Washington, D.C. — Today, Sens. Richard Durbin (D-IL) and Lindsey Graham (R-SC) introduced the BRIDGE, or Bar Removal of Immigrants Who Dream and Grow the Economy, Act which is designed to protect recipients of Deferred Action for Childhood Arrivals, or DACA. Tom Jawetz, Vice President of Immigration Policy at the Center for American Progress, issued the following statement:
Sen. Graham got it right two weeks ago when he said that “[t]he worst outcome is to repeal the legal status that [DACA recipients] have.” We applaud Sens. Durbin and Graham for taking an important step in helping to avoid that unnecessary and destructive outcome. The BRIDGE Act recognizes the positive effect that DACA recipients are making today, as the more than 741,000 recipients have gotten more education and better jobs; helped support their families and communities; and helped grow the economy for all Americans. DACA has widespread support from mayors and college presidents, among other groups, and protecting them should be a no-brainer. The bill would allow DACA-eligible individuals to apply for provisional protected presence—a reprieve from deportation and a work permit—which would last for three years from the date of the bill’s passage.
While we look forward to working with Sens. Durbin and Graham to pass this legislation and hope that Republican leadership in the Senate and in the House move this bill forward, our attention remains fixed on the incoming administration that has full authority to preserve DACA all on its own. We also believe that this bipartisan effort should send a strong message to the president-elect that he should be working to protect and integrate—not exclude and deport—hardworking immigrants in our communities.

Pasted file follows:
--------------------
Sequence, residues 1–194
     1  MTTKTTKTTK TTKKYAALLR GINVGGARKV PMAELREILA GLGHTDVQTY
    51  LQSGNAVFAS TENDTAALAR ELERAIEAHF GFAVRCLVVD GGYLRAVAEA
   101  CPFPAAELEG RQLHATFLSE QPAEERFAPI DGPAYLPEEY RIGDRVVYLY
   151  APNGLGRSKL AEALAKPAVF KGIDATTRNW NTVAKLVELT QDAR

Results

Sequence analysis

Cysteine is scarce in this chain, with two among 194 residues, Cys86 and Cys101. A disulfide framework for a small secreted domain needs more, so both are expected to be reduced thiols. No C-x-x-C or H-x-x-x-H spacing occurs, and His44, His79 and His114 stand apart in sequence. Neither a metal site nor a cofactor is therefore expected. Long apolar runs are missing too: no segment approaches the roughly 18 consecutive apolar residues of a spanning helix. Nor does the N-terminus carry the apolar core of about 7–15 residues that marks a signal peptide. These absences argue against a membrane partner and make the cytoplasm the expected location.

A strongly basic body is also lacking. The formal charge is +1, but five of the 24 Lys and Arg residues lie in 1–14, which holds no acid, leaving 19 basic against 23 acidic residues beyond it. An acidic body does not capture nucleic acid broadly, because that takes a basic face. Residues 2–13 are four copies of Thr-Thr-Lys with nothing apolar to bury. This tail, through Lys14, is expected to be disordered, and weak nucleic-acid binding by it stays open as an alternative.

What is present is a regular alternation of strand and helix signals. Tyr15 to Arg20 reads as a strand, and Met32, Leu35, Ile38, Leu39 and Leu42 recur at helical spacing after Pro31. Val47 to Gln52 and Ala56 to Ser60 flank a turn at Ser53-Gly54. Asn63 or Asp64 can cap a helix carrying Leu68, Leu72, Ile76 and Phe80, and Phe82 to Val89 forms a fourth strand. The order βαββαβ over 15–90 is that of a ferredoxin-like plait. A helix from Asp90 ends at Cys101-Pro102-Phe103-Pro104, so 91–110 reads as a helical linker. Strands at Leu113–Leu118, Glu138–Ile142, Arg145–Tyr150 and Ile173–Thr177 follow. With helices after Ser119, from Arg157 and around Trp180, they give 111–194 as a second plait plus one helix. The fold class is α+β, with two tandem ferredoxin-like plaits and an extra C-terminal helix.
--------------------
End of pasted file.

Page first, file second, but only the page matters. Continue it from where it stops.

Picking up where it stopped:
The BRIDGE Act would not give anyone permanent status, and it does not protect the parents and relatives of DACA recipients, who will remain at risk of deportation and family separation in the absence of meaningful reforms to our outdated immigration system. The bill would allow Dreamers to continue to work, go to school, and contribute to the country they call home.
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